In a sexual context, the term clean describes being free of sexually transmitted diseases. It is often used to refer to people who are not HIV positive, but can also be used to describe the absence of other sexually transmitted diseases (STDs).
The term clean is often used by people when questioning the status of individuals that they may become sexually active with. Asking the question “Are you clean?” in this context is not an enquiry about someone’s hygiene, but rather about their sexual health status or potential to carry a disease.
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The question “Are you clean?” is commonly posed to potential partners, whether in person, or on online dating profiles and hook-up websites.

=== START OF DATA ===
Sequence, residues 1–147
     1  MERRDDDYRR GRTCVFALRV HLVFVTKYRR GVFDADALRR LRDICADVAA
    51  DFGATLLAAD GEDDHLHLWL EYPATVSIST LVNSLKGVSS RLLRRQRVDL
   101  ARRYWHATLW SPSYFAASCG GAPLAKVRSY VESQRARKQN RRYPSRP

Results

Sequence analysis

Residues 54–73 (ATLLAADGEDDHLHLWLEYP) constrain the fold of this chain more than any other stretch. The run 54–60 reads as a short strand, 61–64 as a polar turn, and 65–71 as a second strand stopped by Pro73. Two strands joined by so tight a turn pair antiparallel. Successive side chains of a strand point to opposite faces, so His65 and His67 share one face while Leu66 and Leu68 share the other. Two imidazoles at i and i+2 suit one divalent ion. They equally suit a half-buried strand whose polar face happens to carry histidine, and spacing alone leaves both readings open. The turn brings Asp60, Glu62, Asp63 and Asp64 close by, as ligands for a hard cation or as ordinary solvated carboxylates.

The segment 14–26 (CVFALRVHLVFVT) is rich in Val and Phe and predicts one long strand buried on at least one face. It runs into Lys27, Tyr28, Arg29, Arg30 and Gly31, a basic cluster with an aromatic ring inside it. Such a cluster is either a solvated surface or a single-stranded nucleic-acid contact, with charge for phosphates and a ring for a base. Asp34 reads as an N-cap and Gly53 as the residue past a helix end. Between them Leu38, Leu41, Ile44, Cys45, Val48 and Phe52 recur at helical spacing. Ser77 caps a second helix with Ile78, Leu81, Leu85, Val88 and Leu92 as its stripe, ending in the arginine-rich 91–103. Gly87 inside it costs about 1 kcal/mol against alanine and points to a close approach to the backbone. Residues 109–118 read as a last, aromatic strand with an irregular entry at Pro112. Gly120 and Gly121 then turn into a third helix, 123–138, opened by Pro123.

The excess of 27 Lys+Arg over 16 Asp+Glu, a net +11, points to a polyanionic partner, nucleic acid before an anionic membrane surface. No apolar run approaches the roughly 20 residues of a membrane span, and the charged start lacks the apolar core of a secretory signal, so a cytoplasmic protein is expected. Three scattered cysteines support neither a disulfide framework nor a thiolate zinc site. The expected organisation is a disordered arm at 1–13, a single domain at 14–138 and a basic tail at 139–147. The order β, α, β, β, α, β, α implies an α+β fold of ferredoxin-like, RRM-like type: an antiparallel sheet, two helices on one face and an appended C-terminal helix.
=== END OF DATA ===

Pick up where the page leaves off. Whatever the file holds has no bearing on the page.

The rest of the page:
While it’s common to ask a sexual partner whether they are clean, their affirmation does not guarantee protection from STDs. Individuals may be mistaken about their sexual health status if they have only recently been infected and are unaware, or they might lie about it because they are ashamed or they wish to become intimate with you.
An STD test can give some indication whether someone is clean, but it is incorrect to assume that someone is completely clean based on the test results. There are no tests for some common STDs, while others can only be detected only during an outbreak. Doctors may also be unwilling to test for some STDs, such as syphilis, unless a patient has been exposed.
While the term clean is a common part of mainstream parlance, some people living with STDs including the HIV virus, find the term offensive as it implies that they, by contrast, are “dirty.”